RealTime IT News

Can Hurd Survive The HP Drama?

During the Senate Watergate hearings, the question "What did he know and when did he know it?" became a mantra surrounding Richard Nixon's bungled attempt to spy on his political opponents.

Now, more than 30 years later, the answer to that same question could determine the fate of HP CEO Mark Hurd.

At a news conference today at HP headquarters in Palo Alto, Calif., Hurd expressed apologies and regret over the way in which investigations were conducted over board members' leaking information to the media.

"We may never know the full extent of what of what went on...or whether we'll be able to obtain all the information in this investigation, due to its complexity," Hurd said.

That probe, which, it was discovered, employed private investigators to obtain phone records of HP board members and journalists, has set off a firestorm of controversy, including multiple government inquiries and congressional hearings.

Until recently, Hurd has been able to keep some distance from the issues. But details have surfaced that make it seem Hurd was aware of plans to spy on a number of employees and outsiders.

While few doubt HP can survive the corporate spying fiasco, questions remain whether Hurd can come away unscathed.

"It depends on what he knew," former SEC chairman Harvey Pitt told internetnews.com.

Pitt said the HP scandal, including hiring private investigators to illegally obtain private phone records of board members and snoop on journalists, is "wholly different" from past corporate scandals, such as Worldcom and Enron.

"If he were involved and condoned these actions, it would be problematic for the company," Charles Elson, director of the University of Delaware Center for Corporate Governance, told internetnews.com.

Although unwilling to name names, Elson said fresh faces are needed on the HP board.

The computer maker is the first case of a corporation getting into legal hot water for illicitly gaining access to personal data of employees and reporters, Pitt said.

"It's been handled very, very poorly," Pitt told internetnews.com.

HP says it will cooperate with a broader SEC inquiry into the company's conduct.

"If nothing further points to him directing activity, he's not in any particular risk," Richard Steinberg, former head of PricewaterhouseCoopers' corporate governance and author of "Corporate Governance and the Board – What Works Best," told internetnews.com.

Hurd said an outside law firm, Morgan, Lewis & Bockius, had been hired to analyze the leak investigation. On Friday, the firm detailed how far it was in tracking down the chain of decision-making behind spying tactics used in the press leak investigation.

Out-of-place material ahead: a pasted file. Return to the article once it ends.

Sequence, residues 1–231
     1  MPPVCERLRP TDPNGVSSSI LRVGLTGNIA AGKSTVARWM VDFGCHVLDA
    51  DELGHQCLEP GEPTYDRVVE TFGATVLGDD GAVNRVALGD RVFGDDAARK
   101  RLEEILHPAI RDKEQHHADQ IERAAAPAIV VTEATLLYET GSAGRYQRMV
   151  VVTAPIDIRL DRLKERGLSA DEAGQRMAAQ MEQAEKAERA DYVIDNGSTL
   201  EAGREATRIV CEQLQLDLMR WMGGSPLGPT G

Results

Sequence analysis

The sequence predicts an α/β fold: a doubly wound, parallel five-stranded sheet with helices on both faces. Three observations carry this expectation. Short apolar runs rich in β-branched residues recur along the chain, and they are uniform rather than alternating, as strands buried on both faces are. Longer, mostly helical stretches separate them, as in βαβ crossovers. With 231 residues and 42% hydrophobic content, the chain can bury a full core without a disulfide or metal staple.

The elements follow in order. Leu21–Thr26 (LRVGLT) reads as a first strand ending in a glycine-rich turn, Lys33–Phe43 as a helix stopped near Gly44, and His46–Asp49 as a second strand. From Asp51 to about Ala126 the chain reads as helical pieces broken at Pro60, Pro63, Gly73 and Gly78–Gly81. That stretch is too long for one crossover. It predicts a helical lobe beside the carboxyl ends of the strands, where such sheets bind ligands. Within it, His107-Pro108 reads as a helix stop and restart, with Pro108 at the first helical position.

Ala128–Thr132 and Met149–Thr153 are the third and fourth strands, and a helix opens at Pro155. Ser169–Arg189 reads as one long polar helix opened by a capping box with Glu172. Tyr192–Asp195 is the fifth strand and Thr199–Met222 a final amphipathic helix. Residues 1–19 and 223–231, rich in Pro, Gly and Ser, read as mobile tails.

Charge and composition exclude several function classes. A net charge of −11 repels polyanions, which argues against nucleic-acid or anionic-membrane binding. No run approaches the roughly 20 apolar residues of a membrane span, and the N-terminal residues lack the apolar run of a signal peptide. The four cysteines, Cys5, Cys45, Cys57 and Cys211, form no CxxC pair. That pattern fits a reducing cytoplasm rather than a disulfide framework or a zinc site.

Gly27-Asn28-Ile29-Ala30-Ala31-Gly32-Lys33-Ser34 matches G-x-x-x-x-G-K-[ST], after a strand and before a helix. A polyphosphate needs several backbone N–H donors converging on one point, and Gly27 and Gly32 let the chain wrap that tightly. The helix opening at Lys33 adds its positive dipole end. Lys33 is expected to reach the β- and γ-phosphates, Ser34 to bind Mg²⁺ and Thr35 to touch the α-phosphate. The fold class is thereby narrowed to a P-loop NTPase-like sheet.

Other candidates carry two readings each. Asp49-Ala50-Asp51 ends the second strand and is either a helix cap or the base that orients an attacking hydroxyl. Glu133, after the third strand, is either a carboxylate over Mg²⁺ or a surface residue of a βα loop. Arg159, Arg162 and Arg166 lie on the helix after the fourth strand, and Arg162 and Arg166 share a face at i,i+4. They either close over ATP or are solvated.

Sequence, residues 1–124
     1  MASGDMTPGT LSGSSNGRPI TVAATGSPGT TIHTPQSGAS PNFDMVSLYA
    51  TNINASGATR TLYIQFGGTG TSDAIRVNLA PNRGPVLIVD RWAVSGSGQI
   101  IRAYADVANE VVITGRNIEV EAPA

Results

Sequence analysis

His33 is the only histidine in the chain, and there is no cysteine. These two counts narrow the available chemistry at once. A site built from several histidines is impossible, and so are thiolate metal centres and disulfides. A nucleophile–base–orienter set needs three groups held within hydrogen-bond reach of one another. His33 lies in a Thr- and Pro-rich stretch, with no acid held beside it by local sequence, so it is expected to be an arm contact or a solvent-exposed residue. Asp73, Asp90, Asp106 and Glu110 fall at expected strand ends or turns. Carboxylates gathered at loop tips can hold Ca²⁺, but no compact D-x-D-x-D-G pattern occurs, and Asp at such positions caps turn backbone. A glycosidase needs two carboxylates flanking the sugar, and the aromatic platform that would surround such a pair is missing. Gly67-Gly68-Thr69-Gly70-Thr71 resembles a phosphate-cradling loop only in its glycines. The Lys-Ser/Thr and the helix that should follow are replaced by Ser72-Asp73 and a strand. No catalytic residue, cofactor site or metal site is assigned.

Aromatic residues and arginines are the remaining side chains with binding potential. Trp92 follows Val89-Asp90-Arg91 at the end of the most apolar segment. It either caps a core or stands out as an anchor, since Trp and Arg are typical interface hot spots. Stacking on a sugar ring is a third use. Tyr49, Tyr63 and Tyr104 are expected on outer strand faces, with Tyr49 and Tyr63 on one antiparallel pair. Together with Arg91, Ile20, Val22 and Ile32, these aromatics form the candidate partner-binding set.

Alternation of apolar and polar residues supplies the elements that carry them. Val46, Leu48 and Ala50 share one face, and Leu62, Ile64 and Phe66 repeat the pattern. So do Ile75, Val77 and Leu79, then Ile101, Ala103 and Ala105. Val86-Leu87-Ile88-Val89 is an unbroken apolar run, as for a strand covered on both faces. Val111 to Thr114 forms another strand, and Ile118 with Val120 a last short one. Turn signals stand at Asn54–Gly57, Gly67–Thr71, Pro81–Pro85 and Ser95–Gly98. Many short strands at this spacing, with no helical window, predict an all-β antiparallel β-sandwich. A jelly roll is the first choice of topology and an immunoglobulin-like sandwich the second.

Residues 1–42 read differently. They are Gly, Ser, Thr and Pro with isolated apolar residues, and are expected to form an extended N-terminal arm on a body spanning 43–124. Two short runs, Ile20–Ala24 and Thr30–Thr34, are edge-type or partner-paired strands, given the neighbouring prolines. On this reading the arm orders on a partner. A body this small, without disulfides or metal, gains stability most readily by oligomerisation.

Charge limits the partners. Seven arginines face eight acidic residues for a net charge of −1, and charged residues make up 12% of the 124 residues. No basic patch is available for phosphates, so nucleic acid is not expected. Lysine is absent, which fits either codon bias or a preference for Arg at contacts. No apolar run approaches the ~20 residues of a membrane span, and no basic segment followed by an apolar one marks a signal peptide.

Steinberg laughed when asked what mistakes HP made.

"Mistakes began with the director who leaked to the media," Steinberg said. George Keyworth, who HP said was the board member who contacted the media, resigned last week.

Steinberg said HP made further mistakes by involving internal personnel in the investigation and not hiring sooner an independent law firm to conduct the probe.

"It's apparent there is some dysfunction on the board," Steinberg said. "They need to get that in order."

If recent allegations are correct, there is a corporate culture problem, Elson said.

Although board chairwoman Patricia Dunn announced her resignation at today's press conference, effective immediately, HP needs to do more house cleaning, said Jill Fisch, T.J. Maloney Professor of Business Law at Fordham University Law School.

"A CEO can't operate under this kind of cloud," Fisch told internetnews.com. Involving Hurd means the CEO has less time to concentrate on the continued revival of HP, she added.

For business, that's the real threat, she said. CEO integrity is a tremendously important issue, Fisch said.

Elson said the reason we haven't seen this sort of scandal previously is simple.

"Most people have the good sense not to do this," he said. HP should have kept the investigation within the boardroom. "Never conduct these investigations."

With many CEOs receiving thousands of e-mails daily, it's safe to assume there was some connection to Hurd, according to Fisch.

Can Hurd hope attention on HP-Gate wanes? With his appearance at a congressional hearing next week, that won't be easy.

"If I were HP," joked Fisch, "I'd be hoping there was a problem with Dell next week."